A look at how the coronavirus outbreak developed across the world and how it has unfolded in Omaha.
LINCOLN — Nebraskans hoping to see social distancing rules disappear after May 1 got a dose of caution from Gov. Pete Ricketts on Thursday.
Don’t count on it, the governor said.
“I don’t want to raise anyone’s expectations,” he said. “We are not going to lift all of these social distancing guidelines all at once.
“In fact, we will probably be doing some social distancing for the foreseeable future, until we have a vaccine.”
The state’s plan, he said, appears to be working to “flatten” and slow the spread of the coronavirus so the state’s health care systems are not overwhelmed to the point that patients can’t get an intensive care bed or a ventilator and health care workers don’t have proper protective gear.
The governor spoke just before joining a conference call with President Donald Trump and other state governors on Thursday afternoon.
Ricketts emphasized that Nebraska would not alter its plan to continue its “protective health measures” until the end of April, regardless of what the president announces.
But, toward the end of the month, the governor said he would use a combination of federal and local guidance, as well as data on use of the state’s health care resources, to decide what guidelines might be lifted on a “step by step” basis.
Earlier this month, Ricketts mentioned the possibility that the rule against social gatherings of more than 10 people could be amended to 25 people or more.
At his daily press briefing, the governor again defended his approach to the COVID-19 outbreak, which has been criticized by some for avoiding the “shelter-in-place” orders issued in more hard-hit states.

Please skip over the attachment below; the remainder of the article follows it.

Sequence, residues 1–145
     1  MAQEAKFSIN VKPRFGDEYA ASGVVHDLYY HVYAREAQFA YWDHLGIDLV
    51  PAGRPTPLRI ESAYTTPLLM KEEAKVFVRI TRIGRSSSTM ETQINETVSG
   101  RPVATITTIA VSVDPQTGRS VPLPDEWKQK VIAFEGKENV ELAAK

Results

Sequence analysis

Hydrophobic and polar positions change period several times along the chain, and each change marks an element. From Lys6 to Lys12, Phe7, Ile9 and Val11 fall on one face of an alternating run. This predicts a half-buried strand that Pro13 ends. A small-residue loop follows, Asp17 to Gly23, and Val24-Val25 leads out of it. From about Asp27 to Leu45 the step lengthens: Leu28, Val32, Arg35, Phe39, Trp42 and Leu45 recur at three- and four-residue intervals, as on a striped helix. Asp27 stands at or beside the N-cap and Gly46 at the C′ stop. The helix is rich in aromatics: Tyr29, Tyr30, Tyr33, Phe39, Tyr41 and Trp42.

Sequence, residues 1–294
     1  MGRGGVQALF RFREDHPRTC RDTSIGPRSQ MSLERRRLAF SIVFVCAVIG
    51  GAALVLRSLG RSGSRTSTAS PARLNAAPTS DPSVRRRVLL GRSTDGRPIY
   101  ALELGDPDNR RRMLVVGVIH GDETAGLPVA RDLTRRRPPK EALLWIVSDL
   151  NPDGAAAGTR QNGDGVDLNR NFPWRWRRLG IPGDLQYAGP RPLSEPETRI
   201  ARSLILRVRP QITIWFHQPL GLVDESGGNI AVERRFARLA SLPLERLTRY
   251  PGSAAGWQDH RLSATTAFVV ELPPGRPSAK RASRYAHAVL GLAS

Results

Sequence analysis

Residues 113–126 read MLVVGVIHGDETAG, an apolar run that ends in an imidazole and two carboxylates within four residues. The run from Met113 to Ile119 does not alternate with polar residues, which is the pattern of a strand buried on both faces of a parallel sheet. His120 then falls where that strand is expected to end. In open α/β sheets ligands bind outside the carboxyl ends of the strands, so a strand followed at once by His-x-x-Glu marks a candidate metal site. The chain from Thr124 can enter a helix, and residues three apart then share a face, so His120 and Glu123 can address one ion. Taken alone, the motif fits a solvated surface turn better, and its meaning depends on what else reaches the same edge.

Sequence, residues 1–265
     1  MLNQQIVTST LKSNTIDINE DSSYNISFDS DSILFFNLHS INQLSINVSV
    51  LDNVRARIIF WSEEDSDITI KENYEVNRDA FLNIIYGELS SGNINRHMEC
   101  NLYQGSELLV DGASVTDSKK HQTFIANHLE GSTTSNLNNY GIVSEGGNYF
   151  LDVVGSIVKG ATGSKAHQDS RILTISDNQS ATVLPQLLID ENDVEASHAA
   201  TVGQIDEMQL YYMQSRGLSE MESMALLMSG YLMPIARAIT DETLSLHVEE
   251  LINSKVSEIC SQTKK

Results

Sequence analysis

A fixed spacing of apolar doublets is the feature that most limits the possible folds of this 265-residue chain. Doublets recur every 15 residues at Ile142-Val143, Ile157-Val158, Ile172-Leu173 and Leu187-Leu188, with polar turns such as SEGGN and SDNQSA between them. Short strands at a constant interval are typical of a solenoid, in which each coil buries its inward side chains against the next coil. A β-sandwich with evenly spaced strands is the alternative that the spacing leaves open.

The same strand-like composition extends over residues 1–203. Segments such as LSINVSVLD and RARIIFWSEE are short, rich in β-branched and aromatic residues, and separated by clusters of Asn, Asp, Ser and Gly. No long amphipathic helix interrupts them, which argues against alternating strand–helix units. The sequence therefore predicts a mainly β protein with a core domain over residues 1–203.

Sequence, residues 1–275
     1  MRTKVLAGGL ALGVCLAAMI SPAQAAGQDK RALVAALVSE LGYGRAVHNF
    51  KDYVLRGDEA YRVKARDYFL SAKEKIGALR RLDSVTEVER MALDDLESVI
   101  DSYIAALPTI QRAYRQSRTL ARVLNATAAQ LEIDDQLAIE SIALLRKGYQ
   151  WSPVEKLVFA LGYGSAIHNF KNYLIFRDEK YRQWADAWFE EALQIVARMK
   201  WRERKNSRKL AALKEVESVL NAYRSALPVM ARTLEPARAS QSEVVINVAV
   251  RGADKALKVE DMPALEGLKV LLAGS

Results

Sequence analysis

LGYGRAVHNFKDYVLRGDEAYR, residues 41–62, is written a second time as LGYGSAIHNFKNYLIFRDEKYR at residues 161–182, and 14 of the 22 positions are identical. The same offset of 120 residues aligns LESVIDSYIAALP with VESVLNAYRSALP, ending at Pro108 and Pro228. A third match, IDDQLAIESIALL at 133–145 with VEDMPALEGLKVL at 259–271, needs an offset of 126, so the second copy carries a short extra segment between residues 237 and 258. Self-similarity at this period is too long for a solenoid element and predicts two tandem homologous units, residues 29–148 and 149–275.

Ricketts pointed to voluntary polls taken by users of Google in Nebraska indicating that people are spending 29% less time at work and 11% more time at home.
“We’re going to continue to stick to the plan we have now, because that plan is working,” he said.
The guidelines Trump released Thursday call for places with declining infections and strong testing to begin a three-phased gradual reopening of businesses and schools, with each phase lasting at least 14 days, meant to ensure that the virus outbreak doesn’t accelerate again.
“I appreciate President Trump’s guidelines for reopening pieces of the economy that have been closed temporarily,” Ricketts said in a statement Friday afternoon. “It is critical that we get people back to work safely and continue to slow the spread of the virus as the country opens up.”
Trump also announced on Thursday a bipartisan task force to work on reviving the economy called the Opening Up America Again Congressional Group. Nebraska Sens. Deb Fischer and Ben Sasse are on the panel, as are Iowa Sens. Chuck Grassley and Joni Ernst.